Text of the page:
Smoking cessation in routine primary care: intensive practice nurse counselling versus brief general practitioner advice

Research output: ThesisDoctoral ThesisInternal

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A combination of behavioural support and pharmacotherapy is most effective for smoking cessation, but it is not applied sufficiently to effectively help smokers quit. An exploratory study showed that GPs have too little time and have negative feelings about stop-smoking medication and preventive tasks in general. Patients, on the other hand, do not know that they can get smoking cessation assistance in their primary healthcare centre. Also, patients and caregivers were positive about the assistance of the practice nurse in smoking cessation, although their effectiveness had not yet been evaluated. A pragmatic randomised controlled trial showed that intensive counselling by a practice-nurse versus brief advice by a general practitioner, in combination with varenicline, was not more effective. The long-term smoking cessation rate (6-months) was 32.2% for the practice nurse and 39.0% for the GP, which shows both practice nurses and GPs are highly effective in smoking cessation when medication is given. In addition, this research also showed that smokers with COPD experience more and different difficulties in quitting, which indicates that this group of smokers needs specific smoking cessation assistance, potentially from the practice nurse.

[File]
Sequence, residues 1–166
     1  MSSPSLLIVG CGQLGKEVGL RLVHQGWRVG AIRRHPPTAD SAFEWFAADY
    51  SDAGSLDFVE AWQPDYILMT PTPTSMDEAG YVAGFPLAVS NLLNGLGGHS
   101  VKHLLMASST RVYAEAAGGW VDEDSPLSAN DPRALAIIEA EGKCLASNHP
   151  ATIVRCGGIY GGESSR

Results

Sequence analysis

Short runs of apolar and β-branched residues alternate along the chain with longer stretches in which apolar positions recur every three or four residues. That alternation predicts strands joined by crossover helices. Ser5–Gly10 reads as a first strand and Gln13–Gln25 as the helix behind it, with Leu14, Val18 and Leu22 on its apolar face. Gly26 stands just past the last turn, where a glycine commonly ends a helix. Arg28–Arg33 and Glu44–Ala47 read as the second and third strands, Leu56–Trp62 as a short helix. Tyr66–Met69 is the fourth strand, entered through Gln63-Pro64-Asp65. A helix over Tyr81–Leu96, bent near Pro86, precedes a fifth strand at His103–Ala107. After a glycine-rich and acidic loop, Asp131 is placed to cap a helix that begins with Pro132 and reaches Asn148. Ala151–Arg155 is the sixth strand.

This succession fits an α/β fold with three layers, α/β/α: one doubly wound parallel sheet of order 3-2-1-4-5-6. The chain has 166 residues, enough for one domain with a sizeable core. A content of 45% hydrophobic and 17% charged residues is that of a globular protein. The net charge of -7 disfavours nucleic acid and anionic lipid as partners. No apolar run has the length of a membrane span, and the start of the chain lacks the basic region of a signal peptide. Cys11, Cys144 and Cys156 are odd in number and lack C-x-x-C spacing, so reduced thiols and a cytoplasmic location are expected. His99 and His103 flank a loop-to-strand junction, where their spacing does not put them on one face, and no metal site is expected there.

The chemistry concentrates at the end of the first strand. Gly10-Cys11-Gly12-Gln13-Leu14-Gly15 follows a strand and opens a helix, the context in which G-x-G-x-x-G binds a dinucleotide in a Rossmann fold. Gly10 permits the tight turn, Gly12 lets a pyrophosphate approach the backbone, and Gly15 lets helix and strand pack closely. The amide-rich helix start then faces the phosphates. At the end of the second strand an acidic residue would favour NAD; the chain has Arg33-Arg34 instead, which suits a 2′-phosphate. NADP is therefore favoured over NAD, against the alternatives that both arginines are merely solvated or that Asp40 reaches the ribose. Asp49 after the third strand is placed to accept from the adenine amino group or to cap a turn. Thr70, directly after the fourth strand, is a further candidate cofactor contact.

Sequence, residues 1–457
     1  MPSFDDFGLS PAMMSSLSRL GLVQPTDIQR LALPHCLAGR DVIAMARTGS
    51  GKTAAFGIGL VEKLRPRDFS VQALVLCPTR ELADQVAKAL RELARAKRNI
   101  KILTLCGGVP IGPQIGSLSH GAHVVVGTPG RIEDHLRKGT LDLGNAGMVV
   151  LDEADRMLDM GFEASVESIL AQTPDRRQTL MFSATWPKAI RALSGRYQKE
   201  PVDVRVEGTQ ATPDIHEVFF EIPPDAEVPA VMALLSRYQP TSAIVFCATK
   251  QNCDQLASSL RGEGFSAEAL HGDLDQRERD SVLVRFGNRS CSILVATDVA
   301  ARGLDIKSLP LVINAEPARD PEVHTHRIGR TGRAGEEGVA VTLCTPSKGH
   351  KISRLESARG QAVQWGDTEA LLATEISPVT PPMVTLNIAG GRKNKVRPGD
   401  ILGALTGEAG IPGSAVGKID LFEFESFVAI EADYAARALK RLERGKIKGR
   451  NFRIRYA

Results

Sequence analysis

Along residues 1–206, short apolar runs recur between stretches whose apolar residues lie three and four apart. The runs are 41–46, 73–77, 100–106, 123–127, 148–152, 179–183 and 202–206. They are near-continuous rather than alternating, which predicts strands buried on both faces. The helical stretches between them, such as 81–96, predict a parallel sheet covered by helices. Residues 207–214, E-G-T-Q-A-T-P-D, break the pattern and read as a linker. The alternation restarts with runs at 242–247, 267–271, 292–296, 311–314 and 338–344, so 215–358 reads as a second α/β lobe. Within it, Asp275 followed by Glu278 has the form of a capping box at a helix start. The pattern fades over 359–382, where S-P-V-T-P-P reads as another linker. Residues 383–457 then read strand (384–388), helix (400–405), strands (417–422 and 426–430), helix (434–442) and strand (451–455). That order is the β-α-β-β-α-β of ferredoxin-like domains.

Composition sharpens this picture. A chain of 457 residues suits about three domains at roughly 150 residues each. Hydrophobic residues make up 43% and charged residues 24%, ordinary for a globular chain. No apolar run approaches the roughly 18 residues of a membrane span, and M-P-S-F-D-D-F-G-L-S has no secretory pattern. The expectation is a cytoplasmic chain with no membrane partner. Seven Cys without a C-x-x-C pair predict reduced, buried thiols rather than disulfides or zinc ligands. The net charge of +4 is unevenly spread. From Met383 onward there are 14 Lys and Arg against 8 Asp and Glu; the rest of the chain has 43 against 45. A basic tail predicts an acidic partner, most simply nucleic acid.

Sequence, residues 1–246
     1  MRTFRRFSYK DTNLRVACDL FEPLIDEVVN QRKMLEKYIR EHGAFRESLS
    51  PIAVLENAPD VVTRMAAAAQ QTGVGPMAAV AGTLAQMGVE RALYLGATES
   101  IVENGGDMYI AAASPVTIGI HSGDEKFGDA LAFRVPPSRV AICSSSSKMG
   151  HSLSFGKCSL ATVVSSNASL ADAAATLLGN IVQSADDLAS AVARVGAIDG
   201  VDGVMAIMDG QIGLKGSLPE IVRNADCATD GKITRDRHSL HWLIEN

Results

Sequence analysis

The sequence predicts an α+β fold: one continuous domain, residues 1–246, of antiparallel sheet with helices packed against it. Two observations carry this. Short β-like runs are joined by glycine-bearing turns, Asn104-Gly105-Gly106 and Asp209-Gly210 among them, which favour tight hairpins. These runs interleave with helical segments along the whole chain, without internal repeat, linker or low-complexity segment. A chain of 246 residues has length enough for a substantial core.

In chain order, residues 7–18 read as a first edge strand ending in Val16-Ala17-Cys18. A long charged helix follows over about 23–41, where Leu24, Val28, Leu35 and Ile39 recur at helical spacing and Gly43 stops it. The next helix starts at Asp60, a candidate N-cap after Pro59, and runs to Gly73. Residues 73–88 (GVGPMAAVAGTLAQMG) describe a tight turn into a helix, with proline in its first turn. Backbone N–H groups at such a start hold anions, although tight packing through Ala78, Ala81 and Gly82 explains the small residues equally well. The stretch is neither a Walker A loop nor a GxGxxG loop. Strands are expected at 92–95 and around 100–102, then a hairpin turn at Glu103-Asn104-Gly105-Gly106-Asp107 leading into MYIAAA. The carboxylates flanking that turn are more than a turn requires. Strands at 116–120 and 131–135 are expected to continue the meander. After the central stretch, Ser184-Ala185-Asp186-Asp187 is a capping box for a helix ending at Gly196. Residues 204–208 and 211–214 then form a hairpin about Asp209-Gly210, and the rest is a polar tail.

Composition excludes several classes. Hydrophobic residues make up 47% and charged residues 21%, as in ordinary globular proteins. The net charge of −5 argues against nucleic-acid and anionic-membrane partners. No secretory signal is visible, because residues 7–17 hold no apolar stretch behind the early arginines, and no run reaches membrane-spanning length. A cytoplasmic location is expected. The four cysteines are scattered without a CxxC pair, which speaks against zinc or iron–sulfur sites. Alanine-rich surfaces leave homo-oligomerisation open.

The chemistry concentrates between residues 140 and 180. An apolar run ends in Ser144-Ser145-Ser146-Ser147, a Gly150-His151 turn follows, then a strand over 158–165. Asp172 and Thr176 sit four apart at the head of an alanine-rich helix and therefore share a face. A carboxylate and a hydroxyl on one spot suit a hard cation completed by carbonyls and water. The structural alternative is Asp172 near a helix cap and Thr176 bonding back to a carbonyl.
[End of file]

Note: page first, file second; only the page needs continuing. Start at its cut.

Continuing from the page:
Original languageEnglish
Awarding Institution
  • Maastricht University
  • van Schayck, Constant, Supervisor
  • Kotz, Daniel, Supervisor, External person
  • Spigt, Mark, Co-Supervisor
Award date24 Jun 2021
Place of PublicationMaastricht
Print ISBNs9789464233117
Publication statusPublished - 2021


  • Smoking cessation
  • primary care
  • practice nurse
  • general practitioner
  • combination therapy
  • counselling

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